A sex worker sits shiva in 2020 comedy Shiva Baby, or to use its gentile title, Newborn at the Jew Mourn.
Largely set in one location over 75 minutes in close to real-time, Shiva Baby passes in a blitz of schvitz and blintzes, packing enough stress into one afternoon to last the full mourning period. Danielle (Rachel Sennott) misses the funeral because she’s shtupping a client but turns up at the shiva (without knowing whose it is) in time to “reap the benefits of the buffet”, only to be greeted by a chorus of kibitzers, interrogating her love life, career plans and eating habits with all the tact of a taser. “You look like Gwyneth Paltrow on food stamps!” worries her mum (Polly Draper).
Though the situation is hyper-specific, the anxious humour arises from the universality of Danielle’s experience, so anyone who has been forced to spend time with extended family will get the chills if not the shivas. Emma Seligman’s claustrophobic direction keeps us crammed inside Danielle’s head, and clever sound design mixes Ariel Marx’s nervous strings with barbed comments bleeding in from the edges of the room. These elements conspire to create a sense of psychological horror, a feeling akin to watching Darren Aronofsky’s Jewish Mother!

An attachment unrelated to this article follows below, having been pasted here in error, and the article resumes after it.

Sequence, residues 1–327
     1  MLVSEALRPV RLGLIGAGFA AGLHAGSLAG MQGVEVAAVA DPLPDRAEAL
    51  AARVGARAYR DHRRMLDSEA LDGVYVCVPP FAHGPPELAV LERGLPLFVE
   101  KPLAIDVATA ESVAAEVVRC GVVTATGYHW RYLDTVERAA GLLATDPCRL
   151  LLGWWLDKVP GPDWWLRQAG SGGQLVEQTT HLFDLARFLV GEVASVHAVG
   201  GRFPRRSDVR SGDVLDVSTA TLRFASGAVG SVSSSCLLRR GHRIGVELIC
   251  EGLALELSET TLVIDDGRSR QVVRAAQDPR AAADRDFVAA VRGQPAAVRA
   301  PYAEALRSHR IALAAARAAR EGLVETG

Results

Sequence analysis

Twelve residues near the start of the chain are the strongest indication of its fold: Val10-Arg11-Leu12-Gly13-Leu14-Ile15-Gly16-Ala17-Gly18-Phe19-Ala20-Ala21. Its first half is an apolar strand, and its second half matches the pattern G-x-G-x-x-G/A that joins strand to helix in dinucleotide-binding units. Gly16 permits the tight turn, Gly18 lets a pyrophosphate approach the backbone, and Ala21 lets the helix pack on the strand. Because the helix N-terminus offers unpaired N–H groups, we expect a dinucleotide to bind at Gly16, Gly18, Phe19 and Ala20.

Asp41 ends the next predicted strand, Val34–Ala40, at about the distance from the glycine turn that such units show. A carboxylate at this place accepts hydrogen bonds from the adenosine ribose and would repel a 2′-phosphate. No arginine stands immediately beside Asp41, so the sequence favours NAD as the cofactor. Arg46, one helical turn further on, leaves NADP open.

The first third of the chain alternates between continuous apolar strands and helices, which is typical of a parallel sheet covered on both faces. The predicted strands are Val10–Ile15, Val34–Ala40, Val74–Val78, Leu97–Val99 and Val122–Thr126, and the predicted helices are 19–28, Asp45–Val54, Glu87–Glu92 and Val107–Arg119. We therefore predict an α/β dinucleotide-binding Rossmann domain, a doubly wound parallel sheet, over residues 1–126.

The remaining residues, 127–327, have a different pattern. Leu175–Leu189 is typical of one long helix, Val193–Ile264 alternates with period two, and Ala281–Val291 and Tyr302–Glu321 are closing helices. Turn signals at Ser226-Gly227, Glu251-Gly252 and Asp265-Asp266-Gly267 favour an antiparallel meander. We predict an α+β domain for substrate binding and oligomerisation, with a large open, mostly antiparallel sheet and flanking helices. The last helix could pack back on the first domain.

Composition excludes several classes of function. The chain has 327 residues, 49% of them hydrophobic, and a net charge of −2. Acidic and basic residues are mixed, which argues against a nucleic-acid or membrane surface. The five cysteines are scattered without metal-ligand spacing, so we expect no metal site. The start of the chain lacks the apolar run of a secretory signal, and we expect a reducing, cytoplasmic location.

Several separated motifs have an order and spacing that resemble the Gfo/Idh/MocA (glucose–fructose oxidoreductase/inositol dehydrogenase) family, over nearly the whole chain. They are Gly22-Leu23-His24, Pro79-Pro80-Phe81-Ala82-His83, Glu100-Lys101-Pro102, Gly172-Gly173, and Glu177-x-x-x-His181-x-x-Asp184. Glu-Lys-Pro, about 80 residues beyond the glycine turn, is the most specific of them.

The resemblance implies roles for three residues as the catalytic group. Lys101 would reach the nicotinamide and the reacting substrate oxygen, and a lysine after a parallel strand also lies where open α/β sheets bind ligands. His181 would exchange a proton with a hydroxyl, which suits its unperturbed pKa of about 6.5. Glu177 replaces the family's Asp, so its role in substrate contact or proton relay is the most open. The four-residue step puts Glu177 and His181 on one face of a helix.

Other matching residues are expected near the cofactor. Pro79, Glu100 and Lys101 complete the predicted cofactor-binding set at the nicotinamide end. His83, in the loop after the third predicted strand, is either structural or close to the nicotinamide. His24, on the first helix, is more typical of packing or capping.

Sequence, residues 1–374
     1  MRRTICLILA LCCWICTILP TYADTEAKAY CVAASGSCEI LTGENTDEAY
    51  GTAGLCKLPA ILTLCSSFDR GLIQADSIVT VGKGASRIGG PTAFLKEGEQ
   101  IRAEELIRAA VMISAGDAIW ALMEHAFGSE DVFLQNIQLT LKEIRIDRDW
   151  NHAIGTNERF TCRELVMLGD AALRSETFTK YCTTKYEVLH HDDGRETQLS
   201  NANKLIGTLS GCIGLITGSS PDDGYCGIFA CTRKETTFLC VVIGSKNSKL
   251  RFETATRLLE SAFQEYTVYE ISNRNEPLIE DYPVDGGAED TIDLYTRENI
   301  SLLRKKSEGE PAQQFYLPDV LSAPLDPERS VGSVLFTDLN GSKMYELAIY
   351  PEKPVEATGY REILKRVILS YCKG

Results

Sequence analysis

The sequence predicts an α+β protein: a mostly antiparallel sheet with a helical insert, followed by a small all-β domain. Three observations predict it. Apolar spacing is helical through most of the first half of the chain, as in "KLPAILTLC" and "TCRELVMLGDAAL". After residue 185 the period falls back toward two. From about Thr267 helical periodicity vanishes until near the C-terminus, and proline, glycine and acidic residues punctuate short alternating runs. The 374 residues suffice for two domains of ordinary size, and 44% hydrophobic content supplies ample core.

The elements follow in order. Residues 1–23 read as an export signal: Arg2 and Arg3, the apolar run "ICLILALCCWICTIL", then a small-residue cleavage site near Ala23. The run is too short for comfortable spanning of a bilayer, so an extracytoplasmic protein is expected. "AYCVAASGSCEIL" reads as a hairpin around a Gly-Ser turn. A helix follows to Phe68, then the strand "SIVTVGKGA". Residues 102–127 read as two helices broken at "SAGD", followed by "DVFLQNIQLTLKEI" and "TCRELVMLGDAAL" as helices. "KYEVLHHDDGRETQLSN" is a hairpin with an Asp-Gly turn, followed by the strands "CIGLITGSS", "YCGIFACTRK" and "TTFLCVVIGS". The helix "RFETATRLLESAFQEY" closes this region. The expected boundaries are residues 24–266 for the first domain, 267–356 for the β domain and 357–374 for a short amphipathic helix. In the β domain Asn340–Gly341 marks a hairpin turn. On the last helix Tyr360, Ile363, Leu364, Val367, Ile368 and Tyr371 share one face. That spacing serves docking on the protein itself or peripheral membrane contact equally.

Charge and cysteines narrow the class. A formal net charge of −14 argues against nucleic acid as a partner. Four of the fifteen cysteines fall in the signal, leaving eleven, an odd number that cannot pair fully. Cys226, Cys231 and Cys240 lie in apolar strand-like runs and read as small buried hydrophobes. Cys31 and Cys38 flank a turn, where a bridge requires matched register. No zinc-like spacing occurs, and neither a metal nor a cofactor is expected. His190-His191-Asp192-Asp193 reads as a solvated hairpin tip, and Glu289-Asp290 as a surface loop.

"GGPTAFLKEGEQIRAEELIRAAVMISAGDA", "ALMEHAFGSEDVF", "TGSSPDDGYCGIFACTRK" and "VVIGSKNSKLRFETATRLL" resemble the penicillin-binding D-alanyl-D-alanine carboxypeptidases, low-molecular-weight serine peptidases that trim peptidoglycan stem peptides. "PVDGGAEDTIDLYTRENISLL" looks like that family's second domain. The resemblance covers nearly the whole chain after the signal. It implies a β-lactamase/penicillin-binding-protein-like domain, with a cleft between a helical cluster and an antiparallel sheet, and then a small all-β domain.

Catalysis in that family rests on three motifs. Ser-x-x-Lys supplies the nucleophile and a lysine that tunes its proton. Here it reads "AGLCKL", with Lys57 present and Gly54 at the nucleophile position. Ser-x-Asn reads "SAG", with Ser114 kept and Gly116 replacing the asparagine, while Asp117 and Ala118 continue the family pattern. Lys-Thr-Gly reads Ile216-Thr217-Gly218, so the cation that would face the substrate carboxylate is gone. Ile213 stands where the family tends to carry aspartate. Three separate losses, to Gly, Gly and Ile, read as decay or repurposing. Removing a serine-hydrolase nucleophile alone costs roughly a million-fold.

It succeeds where Roman Polanski’s single-room, real-time chamber piece Carnage failed, by balancing the comedy with compassion, non-judgemental in its view of sex work and bisexuality. Like the Jewish lesbian drama Disobedience (AKA Fiddle Her on the Roof), the film explores the tension between cultural expectation and sexual liberation, albeit in a considerably more progressive environment. Seligman’s script is at once uncomfortably realistic and unnaturally hilarious, brilliantly performed by Sennott (the standout in Bodies Bodies Bodies) and Draper, neither of whom are Jewish, unlike Dianna Agron who plays the only non-Jewish character.
Shiva Baby is short and sweaty, bouncing between belly laughs and moments that sting like open wounds. When Danielle’s dad (Fred Melamed) tells the room, “She had kind of an extended awkward phase,” the proof is in the kugel.